I doubt that anyone has any trouble making sense of “less than 1200”. As the MW article points out, people have been using it that way, and making sense of it, for centuries.

              How do you imagine words get their sense, if not from usage?

              • Richard Bond
                Posted July 2, 2017 at 3:03 pm | Permalink

                I agree about the points that you make; what I regret is the loss of nuance as meanings become smeared. For example, the “ee” ending on non-transitive verbs: “escapee” and “attendee”. Do people generally understand the meaning? Probably yes, most of the time.

                However, suppose that I wrote “the swivee was ecstatic” in classical English. The accurate equivalent today would be something like “the female recipient of vaginal sexual intercourse with a man was expressing overwhelming happiness or joyful excitement”. I vote for simplicity via specificity.

              • Gregory Kusnick
                Posted July 2, 2017 at 3:57 pm | Permalink

                Loss of nuance might be regrettable if it could be documented quantitatively. My understanding is that linguists find no evidence of such a decline in the expressive power of modern English.

              • Richard Bond
                Posted July 2, 2017 at 5:53 pm | Permalink

                The point of my example was that the maintenance of such expressive power involves extra verbiage, unless meaning is well defined. Consider the difference between “may” and “might”: “I may go to the pub” means that I have permission, “I might go to the pub” expresses probability. I freely admit that this argument has long been lost; I merely regret that today either of those simple statements needs extra qualification to convey its full meaning.

              • Gregory Kusnick
                Posted July 2, 2017 at 7:17 pm | Permalink

                I invite you to search Shakespeare or the King James Bible for uses of “may” to convince yourself that it’s been interchangeable with “might” for at least 500 years.

          • Posted July 3, 2017 at 1:02 am | Permalink

            Yes, but I agree with him, and I tutor SAT and ACT and GRE English — successfully.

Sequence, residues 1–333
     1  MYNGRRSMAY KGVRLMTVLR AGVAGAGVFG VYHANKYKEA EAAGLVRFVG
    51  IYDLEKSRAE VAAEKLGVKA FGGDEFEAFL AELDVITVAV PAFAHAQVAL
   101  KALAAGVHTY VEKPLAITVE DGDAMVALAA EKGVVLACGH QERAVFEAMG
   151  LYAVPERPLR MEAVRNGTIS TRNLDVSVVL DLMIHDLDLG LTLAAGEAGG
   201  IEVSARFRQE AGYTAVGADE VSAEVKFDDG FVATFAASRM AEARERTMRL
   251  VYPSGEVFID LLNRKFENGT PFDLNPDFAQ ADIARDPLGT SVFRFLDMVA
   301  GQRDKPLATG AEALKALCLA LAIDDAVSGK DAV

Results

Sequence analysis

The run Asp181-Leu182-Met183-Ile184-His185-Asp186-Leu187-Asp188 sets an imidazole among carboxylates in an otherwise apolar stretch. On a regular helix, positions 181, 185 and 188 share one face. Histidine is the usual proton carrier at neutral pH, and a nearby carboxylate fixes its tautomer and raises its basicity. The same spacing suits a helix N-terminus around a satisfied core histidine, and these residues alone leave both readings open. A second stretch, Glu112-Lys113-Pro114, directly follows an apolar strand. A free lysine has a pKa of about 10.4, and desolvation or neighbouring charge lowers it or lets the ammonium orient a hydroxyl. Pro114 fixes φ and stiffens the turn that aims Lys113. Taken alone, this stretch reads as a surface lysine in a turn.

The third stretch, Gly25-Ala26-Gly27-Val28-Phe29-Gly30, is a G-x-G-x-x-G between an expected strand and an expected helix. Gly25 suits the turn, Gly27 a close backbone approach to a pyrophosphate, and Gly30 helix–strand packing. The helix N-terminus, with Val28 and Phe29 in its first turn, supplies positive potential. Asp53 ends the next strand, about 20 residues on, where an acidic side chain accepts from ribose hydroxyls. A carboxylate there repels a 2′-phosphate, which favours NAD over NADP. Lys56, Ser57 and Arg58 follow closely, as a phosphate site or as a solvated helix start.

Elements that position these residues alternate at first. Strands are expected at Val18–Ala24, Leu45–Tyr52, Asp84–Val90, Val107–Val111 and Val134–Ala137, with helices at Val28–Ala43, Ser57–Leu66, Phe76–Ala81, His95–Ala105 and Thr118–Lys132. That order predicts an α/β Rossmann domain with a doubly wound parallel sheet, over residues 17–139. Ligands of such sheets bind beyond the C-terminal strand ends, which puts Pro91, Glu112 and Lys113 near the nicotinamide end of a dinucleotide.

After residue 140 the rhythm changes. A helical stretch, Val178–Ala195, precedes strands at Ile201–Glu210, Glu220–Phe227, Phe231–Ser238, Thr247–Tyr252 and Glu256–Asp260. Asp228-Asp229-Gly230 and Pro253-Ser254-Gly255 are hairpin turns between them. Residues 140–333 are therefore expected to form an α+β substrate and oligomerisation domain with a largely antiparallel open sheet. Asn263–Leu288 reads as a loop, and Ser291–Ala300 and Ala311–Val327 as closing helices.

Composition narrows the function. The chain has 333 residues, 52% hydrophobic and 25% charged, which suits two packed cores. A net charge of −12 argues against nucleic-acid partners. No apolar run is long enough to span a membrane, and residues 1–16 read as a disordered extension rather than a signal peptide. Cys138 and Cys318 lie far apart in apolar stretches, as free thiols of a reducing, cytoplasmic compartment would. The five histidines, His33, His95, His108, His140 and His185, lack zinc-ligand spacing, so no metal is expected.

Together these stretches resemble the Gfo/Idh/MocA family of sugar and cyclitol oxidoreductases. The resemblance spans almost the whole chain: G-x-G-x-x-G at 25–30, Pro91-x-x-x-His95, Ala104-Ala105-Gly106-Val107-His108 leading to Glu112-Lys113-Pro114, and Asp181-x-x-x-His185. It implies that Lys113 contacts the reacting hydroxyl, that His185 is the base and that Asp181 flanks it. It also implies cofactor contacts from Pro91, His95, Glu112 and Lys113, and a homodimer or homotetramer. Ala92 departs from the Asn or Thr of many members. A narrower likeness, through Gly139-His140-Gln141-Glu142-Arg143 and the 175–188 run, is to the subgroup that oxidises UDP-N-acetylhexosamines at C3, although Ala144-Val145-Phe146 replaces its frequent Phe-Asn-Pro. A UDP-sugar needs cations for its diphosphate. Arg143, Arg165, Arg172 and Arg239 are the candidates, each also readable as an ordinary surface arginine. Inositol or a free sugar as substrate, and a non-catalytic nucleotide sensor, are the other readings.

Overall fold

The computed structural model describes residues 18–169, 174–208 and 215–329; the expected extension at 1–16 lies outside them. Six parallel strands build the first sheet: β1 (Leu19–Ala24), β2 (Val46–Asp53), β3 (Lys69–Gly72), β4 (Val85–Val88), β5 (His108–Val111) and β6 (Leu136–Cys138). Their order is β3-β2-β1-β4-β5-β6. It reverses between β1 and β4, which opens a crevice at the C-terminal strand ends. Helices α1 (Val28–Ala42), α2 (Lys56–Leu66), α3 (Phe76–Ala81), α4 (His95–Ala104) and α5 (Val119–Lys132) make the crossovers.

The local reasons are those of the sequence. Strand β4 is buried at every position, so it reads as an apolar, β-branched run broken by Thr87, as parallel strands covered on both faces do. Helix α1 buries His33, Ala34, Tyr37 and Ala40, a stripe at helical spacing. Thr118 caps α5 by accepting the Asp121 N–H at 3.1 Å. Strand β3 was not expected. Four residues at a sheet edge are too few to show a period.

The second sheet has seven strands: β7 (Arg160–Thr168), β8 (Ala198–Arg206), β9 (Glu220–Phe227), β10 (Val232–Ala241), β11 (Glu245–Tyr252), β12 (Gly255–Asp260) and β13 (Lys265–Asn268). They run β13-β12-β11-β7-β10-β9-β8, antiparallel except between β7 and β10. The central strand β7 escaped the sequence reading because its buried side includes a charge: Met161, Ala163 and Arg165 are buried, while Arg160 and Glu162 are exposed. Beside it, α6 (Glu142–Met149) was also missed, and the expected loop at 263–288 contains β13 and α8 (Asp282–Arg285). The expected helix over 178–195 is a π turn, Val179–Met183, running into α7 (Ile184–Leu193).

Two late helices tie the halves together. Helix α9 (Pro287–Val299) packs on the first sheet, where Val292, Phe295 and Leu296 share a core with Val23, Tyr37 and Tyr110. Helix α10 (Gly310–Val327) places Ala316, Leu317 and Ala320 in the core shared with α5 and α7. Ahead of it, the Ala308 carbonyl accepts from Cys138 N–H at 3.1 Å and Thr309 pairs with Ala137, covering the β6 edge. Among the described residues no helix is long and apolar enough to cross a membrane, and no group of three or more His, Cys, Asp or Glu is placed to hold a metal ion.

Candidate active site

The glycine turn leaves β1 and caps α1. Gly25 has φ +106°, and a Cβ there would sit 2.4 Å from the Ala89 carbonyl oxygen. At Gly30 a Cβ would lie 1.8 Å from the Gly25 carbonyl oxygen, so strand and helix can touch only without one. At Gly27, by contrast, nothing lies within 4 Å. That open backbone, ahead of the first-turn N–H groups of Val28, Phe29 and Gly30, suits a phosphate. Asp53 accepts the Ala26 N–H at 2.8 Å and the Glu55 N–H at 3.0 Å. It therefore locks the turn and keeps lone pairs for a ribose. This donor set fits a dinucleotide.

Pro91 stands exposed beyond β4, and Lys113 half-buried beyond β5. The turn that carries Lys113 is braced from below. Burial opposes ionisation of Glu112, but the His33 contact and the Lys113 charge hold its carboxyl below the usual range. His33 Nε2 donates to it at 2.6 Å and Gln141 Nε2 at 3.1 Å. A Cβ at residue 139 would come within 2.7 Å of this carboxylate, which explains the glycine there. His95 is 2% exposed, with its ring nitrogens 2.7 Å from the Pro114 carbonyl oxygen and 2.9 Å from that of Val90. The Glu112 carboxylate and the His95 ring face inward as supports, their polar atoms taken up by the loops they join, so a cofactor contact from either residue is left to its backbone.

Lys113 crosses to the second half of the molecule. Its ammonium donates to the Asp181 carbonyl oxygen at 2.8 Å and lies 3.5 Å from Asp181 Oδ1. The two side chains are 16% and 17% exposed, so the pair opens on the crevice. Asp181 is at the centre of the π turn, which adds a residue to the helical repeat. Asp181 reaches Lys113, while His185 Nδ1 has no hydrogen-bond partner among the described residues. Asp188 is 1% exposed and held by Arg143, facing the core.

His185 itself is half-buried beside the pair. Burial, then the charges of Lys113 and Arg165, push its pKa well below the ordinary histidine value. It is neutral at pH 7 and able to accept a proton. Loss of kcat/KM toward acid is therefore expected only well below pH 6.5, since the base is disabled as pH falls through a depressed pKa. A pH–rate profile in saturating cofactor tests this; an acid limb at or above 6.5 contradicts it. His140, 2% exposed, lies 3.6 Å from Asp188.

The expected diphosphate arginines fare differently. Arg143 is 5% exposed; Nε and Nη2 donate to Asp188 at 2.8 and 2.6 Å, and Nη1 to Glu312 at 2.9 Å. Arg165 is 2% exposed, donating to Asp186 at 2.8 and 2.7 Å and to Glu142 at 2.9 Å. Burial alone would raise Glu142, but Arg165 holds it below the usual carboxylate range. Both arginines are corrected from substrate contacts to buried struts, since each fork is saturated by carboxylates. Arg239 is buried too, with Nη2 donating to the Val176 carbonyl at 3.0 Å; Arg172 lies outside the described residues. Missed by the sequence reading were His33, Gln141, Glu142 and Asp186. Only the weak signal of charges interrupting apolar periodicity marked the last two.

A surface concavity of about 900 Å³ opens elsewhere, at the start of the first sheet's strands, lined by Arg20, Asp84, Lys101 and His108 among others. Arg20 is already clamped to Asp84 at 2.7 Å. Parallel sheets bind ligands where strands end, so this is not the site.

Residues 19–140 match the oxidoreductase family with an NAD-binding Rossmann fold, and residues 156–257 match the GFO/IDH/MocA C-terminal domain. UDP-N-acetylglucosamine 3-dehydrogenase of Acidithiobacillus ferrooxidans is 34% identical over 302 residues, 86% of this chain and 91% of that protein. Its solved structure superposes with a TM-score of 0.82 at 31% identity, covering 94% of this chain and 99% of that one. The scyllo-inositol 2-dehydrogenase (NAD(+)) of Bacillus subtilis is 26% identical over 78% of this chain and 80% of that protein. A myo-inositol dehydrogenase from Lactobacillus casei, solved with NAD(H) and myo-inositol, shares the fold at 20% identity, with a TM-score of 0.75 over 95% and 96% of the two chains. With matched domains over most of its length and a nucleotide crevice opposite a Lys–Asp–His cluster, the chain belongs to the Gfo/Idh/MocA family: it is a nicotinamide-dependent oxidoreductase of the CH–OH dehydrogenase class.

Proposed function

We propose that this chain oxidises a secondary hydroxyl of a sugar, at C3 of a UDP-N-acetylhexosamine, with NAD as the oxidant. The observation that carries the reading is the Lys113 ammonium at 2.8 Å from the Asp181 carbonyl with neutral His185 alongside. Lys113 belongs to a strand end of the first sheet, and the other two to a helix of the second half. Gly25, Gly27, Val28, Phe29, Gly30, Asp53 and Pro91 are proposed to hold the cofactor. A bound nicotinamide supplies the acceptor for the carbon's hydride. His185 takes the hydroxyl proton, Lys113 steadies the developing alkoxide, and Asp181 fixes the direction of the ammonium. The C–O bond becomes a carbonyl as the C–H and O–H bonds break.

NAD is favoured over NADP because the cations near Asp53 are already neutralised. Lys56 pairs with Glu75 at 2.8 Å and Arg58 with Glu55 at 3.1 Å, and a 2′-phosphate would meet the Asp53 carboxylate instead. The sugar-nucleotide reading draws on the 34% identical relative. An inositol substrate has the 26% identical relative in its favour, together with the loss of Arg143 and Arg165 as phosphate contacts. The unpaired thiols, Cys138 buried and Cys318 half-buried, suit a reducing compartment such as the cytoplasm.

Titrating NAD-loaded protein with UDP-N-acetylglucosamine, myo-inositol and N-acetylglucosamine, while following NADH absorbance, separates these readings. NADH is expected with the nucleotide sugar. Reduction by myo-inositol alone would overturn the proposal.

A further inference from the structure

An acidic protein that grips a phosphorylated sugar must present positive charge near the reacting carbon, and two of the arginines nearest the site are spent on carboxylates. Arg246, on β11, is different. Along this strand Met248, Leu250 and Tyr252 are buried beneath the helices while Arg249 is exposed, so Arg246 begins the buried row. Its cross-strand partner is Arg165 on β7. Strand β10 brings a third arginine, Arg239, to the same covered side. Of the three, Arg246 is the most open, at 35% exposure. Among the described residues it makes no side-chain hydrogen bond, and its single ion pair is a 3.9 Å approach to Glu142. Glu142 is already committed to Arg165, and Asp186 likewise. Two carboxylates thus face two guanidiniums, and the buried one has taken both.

• Gregory Kusnick
              Posted July 3, 2017 at 1:18 am | Permalink

              If your goal is to improve students’ test scores, by all means teach to the test. If the goal is to understand the meanings of words as they’re actually used in everyday speech, I don’t see how the tests are relevant.

        • Kiwi Dave
          Posted July 2, 2017 at 4:50 pm | Permalink

          If you asked me, a former English teacher, ‘How many people were at the meeting?’ I would definitely write ‘fewer than 100’ but probably say ‘less than 100’, despite knowing the distinction between count and non-count nouns.

          Wikipedia cites from the OED Alfred the Great from 888, writing the Anglo-Saxon equivalent of modern ‘less words’, literally, ‘less of words’.

  4. Posted July 2, 2017 at 8:33 am | Permalink

    OK, I’ve postponed this too long.

  5. bric
    Posted July 2, 2017 at 8:43 am | Permalink

    When (eventually) you get to that Rainbow Bridge . . .

    • JonLynnHarvey
      Posted July 2, 2017 at 2:18 pm | Permalink

      There’s also a Rainbow Bridge near Niagara Falls and a National Monument in Utah.

      • bric
        Posted July 2, 2017 at 2:41 pm | Permalink

        Mere wordly rainbow bridges, but PCC will surely be crossing Bifröst to join the gods in Asgard

        • gravelinspector-Aidan
          Posted July 3, 2017 at 3:34 pm | Permalink

          On the assumption that the gatekeeper, Hili, lets him cross.
          So, no pennies on the eyelids. Anchovies in the pockets, maybe.

          • gravelinspector-Aidan
            Posted July 3, 2017 at 3:38 pm | Permalink

            [Now trying to remember who was the “gate keeper of the gods” … Heimdallr, according to Wikipedia. Clearly a mis-hearing for “Hili”.]

  6. Posted July 2, 2017 at 8:51 am | Permalink

    Well done so far.

    A few months ago, I wondered what led me to subscribe and a few days later spotted your book with the same name as this blog on one of my bookshelves.

    I think you ought to have somewhere on this blog a notice about the book.

    • GBJames
      Posted July 2, 2017 at 8:55 am | Permalink

      Look up at the top right part of the page!

  7. Posted July 2, 2017 at 9:13 am | Permalink

    This is called the “speedometer effect”, although it should more correctly be called the “odometer effect.” It’s the reason that New Years Day was so widely celebrated on the first day of 2000 but was just another holiday a year later when the 21st Century began.

  8. nwalsh
    Posted July 2, 2017 at 9:22 am | Permalink

    Well done Professor.

  9. Craw
    Posted July 2, 2017 at 9:43 am | Permalink

    You say you won’t die, but can I risk it?

    • Posted July 2, 2017 at 10:38 am | Permalink

      Yes. Of course I can’t guarantee that the excitement won’t cause me to have a coronary, but I doubt that seriously–my heart is strong.

  10. Gregory Kusnick
    Posted July 2, 2017 at 11:25 am | Permalink

    I knew the Language Police would come!

    Of course they’d come. They’re like vampires; once you invite them in, you’re stuck with them forever.

  11. JonLynnHarvey
    Posted July 2, 2017 at 2:30 pm | Permalink

    I have discovered I never confirmed a subscription I established many moons ago. Subscription confirmed.

  12. Posted July 3, 2017 at 7:30 pm | Permalink

    Subscription rate is probably underreported due to several mainstream browsers having no support for RSS feeds.